Global Cuisine

kalelambFor most normal cooks, inspiration can come from just about anywhere…a restaurant, a cookbook, even a book club. But one of the consequences of being a journalist who cooks is that, occasionally, I end up “cooking the news.”

And, in 2011, as the pro-democracy movement that became known as the Arab Spring swept through North Africa and the Middle East, I ended up in the kitchen (along with Wolf Blitzer) skinny-fying a traditional dish of the region that’s now a family favorite:  Kale, Chard and Chickpea Stew with Lamb over Clever Couscous.

It’s a dish that not only celebrates the rich tastes of Tunisia, it’s also rich with disease fighting and energy boosting nutrition. Already known to be a great weight loss food, chickpeas are loaded with protein, fiber and iron and–like the other fresh ingredients in this dish like sweet potatoes, zucchini, onions, chili peppers, the amazing kale, chard and the super-powered cooked tomatoes – they provide unique antioxidants that are proven to help fight heart disease and cancer.

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tamalesWhen it comes to cooking the food from another culture, the ingredients and techniques can be unfamiliar. Going to a foreign country and taking a cooking class is great, but not a readily accessible opportunity for most. Fortunately there are local cooking classes and cooking kits.

Recently launched Global Grub offers cooking kits with extremely well written instructions that will help you succeed in making things like sushi, or jerk chicken with coconut rice and beans. I used the tamales kit and was very impressed with the quality of the ingredients, the clear instructions and the wonderful results. My dad said the tamales were the best he'd ever eaten!

Kits include the dry and hard to find ingredients, and range in price from $13.99 up to $19.99 and for every kit purchased, Global Grub donates a meal to someone in need through their local food bank. Global Grub offers tutorial videos on their site, and the instructions with each kit are easily folded into a stand for easy reference as you cook.

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mexisoup.jpgSo any dish that I can make one day, eat it the next two or so, and enjoy it every time is a winner in my book. Soups and stews are most always better once they have “set” and allowed their flavors to thoroughly combine. This stew slash thick soup is of no exception. Delicious right out of the pot and just as good the next day, my Mexican Stew is an easy winner.

Don’t get me wrong, I love soups and food in general, but condiments, sides, garnishes, and flavor savors make a dish! Sour cream and Monterey Pepper Jack cheese in this case. Now, about this cheese…oh my! The Monterey Jack or Pepper Jack I love is from our local meat market, M&T Meats in Hawkinsville. It IS a cheese among cheeses. Very creamy, plenty of pepper warmth but not fiery, and melts in a jiffy…this is a cheese for me! The ones at the grocery are just fine, but if you have the chance to buy a local cheese, pounce on the opportunity…it is well worth it!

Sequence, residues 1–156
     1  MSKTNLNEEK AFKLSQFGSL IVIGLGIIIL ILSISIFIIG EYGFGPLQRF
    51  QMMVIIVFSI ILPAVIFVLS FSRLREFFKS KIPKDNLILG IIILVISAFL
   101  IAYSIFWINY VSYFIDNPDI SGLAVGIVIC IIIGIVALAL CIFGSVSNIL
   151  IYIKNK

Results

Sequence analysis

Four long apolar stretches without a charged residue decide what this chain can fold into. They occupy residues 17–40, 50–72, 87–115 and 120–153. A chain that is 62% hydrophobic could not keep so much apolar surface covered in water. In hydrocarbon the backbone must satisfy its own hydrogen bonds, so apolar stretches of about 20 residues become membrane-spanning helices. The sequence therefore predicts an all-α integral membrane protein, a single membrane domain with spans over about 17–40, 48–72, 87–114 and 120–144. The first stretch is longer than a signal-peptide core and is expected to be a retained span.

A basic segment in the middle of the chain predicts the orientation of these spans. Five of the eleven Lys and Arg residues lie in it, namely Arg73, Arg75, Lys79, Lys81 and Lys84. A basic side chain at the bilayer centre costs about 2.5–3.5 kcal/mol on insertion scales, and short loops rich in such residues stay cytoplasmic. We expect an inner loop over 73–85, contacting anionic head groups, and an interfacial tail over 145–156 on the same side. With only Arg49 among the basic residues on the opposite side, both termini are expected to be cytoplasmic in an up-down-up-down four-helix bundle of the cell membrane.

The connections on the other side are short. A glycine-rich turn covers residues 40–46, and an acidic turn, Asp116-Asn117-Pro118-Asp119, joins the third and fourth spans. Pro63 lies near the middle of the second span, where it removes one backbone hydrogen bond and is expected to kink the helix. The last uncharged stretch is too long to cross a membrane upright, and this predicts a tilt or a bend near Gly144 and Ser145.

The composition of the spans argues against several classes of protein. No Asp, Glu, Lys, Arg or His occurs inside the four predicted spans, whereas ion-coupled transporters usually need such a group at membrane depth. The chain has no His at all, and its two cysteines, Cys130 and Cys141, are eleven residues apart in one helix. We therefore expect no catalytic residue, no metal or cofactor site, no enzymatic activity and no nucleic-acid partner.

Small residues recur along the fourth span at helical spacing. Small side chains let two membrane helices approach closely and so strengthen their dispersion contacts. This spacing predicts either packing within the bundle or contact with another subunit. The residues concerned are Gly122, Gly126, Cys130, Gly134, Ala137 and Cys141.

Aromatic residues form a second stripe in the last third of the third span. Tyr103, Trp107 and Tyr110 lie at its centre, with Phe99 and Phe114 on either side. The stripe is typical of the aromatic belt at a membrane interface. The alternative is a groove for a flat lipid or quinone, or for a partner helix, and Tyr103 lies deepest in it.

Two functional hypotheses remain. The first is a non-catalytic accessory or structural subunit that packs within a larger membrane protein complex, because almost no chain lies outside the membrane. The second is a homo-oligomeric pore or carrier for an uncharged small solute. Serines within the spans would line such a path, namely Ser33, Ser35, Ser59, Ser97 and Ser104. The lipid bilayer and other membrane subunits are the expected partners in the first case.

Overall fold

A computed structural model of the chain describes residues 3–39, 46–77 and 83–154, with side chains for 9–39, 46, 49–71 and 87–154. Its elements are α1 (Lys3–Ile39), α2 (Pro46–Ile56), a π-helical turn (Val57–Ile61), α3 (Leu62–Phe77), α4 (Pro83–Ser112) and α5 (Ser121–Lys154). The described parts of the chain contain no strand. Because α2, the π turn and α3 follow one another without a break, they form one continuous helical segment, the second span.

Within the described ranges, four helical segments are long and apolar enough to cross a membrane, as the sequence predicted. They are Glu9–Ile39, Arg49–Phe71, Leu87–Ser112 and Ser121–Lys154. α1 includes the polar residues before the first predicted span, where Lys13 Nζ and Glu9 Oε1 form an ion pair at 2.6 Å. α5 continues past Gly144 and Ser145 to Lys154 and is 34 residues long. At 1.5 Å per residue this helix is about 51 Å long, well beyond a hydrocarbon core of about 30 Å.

I digress, back on to the Mexican Stew. Meaty, hearty, and full of flavor, this stew was born out of what I had on hand – sometimes making the best dishes. A leaner ground beef and little bit of ground sausage (plain ol’ good sausage, no flavorings…mine again was from M&T) make for a textural background flavor and also provide the right amount of cooking fat for the whole stew.

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sweetsourshrimp.jpg Spicy and tropical flavors always transport my imagination to lush jungles or azure beaches belonging to more temperate climates. Mexican food in particular has that effect on me. At home whenever I want to add a south-of-the-border touch to recipes I reach for dried chiles.

Ancho chile powder, made of ground dried poblano peppers, lends a smoky and earthy flavor to recipes (think of the many famous mole sauces). Combine it with lime juice and oil and you have the perfect Mex-like marinade for meat or fish. In this case it's shrimp, briefly marinated and then grilled. Paired with a fresh salsa, it's a summery dish that serves well as a quick appetizer when friends stop by.

The grilled shrimp is spicy and savory whereas the mango salsa is sweet and tangy. It may sound a bit unusual to have fruit in a salsa, but it's not uncommon in Mexico and the Caribbean. Fruits indigenous to these areas are utilized in many different ways in recipe preparations.

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newoliveoil.jpgNovember is a glorious time in Umbria. The grape harvest has been recently completed, the olive harvest is underway and all the stores and restaurants are trumpeting vino novello and olio nuovo. I was at my local butcher and I asked him the difference between nuovo and novello,because as far as I could figure out, they both meant “new”.

A spirited discussion ensued among the small crowd of customers waiting in line for prosciutto, the end result of which was that there is no difference between the two words, but no one would be caught dead saying olio novella or vino nuovo.

If you did, they would think you were a German.

Olio nuovo does not travel. If anyone tries to sell it to you at Dean and Deluca or Eataly, sneer at them and say that you have to be there to get the experience of new oil, just pressed today. By “there” I mean the hills of central Umbria where truly fine olive oil is pressed from the local fruit. I know this because we have been picking that fruit for the last two weeks and will be for the next three.

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